Austin Fisher, Source NM, Dec. 8, 2023
"When human waste flooded part of a U.S. immigration prison in central New Mexico last month, guards ordered incarcerated people to clean it up with their...
The Lever, Dec. 8, 2023
"As the country’s immigration agency ponders a significant expansion of its vast, troubled immigrant surveillance regime, private prison companies are telling investors...
Seth Freed Wessler, New York Times, Dec. 6, 2023
"People intercepted at sea, even in U.S. waters, have fewer rights than those who come by land. “Asylum does not apply at sea,” a Coast...
Alina Hernandez, Tulane University, Dec. 5, 2023
"A new report co-authored by Tulane Law’s Immigrant Rights Clinic shows that more than 100,000 abused or abandoned immigrant youths are in...
Bipartisan Policy Center, Dec. 5, 2023
"In this week’s episode, BPC host Jack Malde chats with four distinguished immigration scholars at Cornell Law School on their new white paper “Immigration...
Aline Barros, VOA, Sept. 6, 2021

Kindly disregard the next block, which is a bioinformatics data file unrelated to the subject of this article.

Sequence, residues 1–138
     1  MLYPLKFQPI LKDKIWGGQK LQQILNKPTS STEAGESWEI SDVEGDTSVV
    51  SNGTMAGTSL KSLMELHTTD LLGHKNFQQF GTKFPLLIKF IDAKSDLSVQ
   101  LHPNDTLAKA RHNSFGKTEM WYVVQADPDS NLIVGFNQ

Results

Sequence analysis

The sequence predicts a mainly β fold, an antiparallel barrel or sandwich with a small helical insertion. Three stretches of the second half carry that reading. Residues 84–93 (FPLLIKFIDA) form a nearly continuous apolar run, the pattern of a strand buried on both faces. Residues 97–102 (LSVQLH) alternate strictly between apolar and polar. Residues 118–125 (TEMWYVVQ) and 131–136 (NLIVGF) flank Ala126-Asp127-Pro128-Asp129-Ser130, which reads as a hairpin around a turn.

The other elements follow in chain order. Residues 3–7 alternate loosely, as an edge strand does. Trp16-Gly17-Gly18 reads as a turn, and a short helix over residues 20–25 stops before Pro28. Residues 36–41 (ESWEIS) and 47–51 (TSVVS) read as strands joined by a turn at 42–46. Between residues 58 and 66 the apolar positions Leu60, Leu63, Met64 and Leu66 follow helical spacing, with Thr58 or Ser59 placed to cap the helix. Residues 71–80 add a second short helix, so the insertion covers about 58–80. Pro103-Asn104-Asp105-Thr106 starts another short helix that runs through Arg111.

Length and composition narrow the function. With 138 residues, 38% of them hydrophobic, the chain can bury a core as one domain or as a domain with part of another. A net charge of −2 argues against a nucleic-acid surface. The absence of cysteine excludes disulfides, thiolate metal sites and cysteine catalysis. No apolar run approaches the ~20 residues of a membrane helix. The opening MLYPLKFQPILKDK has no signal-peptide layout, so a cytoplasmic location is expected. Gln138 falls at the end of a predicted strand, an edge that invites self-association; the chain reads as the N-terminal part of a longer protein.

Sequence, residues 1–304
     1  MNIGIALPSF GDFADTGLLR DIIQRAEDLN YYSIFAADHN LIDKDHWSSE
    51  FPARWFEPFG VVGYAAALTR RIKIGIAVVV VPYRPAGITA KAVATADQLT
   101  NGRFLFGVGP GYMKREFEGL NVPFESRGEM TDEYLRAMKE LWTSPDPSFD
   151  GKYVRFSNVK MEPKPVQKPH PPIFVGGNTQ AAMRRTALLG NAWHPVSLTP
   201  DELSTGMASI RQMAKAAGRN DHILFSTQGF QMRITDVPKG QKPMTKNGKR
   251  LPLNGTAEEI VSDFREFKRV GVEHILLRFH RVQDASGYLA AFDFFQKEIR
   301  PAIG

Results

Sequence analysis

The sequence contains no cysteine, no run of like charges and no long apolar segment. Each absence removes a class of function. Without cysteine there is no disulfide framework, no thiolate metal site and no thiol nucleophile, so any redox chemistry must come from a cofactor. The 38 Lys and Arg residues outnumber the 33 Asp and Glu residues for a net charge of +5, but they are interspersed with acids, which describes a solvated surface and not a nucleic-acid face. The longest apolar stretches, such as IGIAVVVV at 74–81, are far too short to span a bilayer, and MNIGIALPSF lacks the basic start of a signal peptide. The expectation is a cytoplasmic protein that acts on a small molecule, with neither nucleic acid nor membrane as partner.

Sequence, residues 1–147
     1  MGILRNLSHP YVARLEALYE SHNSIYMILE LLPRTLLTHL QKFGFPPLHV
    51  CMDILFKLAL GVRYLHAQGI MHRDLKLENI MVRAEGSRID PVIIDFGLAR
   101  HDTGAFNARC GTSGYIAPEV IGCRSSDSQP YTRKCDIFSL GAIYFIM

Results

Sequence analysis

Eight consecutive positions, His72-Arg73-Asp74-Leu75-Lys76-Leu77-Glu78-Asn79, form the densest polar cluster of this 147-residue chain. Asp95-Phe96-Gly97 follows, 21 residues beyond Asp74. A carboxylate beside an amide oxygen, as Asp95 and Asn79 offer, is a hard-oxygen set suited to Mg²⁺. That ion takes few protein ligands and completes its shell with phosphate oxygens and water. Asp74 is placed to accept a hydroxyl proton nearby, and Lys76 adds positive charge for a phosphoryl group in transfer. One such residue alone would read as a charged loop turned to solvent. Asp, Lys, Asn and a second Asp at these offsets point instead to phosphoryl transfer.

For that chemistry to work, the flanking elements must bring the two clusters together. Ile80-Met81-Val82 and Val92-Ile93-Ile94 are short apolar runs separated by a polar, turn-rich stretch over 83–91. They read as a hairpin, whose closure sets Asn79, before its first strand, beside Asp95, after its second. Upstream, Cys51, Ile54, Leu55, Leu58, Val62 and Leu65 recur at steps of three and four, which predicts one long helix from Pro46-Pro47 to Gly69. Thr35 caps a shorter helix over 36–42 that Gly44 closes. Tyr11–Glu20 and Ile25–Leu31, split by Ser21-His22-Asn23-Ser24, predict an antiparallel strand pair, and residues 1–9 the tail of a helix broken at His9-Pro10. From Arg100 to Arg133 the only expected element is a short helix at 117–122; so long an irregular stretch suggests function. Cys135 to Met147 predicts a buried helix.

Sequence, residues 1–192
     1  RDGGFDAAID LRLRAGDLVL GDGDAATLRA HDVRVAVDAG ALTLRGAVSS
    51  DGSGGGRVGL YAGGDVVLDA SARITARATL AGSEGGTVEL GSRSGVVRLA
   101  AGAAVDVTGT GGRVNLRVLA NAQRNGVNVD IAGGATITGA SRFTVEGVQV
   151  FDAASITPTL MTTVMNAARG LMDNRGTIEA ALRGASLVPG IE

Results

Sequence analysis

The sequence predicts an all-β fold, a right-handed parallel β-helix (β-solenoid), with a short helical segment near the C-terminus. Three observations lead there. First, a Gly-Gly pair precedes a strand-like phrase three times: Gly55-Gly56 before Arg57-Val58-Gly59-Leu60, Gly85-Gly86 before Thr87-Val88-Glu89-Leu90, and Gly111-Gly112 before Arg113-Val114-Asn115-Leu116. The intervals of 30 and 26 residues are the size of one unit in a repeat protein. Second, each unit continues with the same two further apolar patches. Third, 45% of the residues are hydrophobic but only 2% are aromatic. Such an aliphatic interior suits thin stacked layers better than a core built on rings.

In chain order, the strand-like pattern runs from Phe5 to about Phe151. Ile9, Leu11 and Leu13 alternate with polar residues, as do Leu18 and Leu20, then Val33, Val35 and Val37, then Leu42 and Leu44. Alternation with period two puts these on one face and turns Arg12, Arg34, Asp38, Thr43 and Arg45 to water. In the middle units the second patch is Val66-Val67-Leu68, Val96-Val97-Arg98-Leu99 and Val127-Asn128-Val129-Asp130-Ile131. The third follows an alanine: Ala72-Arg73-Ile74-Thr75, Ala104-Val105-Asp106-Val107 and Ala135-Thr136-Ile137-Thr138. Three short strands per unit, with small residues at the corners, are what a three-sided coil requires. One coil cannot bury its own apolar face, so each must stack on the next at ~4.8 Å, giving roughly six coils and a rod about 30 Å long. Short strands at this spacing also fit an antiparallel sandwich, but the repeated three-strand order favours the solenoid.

"The tens of thousands of Afghan refugees who made it to the United States as part of a historic humanitarian evacuation are entering an extraordinary system with very different benefits.
Some with Special Immigrant Visas (SIVs) are being embraced by the government and granted assistance ranging from help with housing, food and clothing to lining up employment and qualifying for health care. These are mostly the Afghans and their families who worked as interpreters and guides for the U.S. military and government in Afghanistan during the 20-year war.
Those without the cachet of SIVs who somehow hitched a ride on a U.S. military cargo plane out of Kabul have been categorized as "parolees" who qualify only for short-term housing, modest stipends and other assistance for up to 90 days. None is guaranteed a path to a green card or full-time job, triggering concern among advocates of the evacuees that they might fall into legal limbo.
In a recent conversation with reporters, spokesmen for nonprofit organizations assisting the resettlement of refugees said Congress must get involved to avoid retraumatizing evacuees after their harrowing escape from Afghanistan and the Taliban. They noted that the U.S. immigration system is complex, bureaucratic and difficult to navigate.
“There needs to be action taken to make sure that, regardless of their status, there is some clear pathway for them to get on a [permanent residence] status,” said Adam Bates, policy counsel at the International Refugee Assistance Project.
“Given the current immigration system in this country, the administration needs to work with Congress closely,” Bates said."